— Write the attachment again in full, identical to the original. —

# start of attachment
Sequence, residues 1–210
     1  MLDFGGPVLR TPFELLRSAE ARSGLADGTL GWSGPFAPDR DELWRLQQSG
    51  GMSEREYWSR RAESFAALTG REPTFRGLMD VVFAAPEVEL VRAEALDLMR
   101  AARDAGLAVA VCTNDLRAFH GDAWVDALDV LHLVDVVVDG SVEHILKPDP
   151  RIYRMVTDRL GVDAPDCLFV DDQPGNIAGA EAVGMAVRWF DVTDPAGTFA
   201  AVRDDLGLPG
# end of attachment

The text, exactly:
Sequence, residues 1–210
     1  MLDFGGPVLR TPFELLRSAE ARSGLADGTL GWSGPFAPDR DELWRLQQSG
    51  GMSEREYWSR RAESFAALTG REPTFRGLMD VVFAAPEVEL VRAEALDLMR
   101  AARDAGLAVA VCTNDLRAFH GDAWVDALDV LHLVDVVVDG SVEHILKPDP
   151  RIYRMVTDRL GVDAPDCLFV DDQPGNIAGA EAVGMAVRWF DVTDPAGTFA
   201  AVRDDLGLPG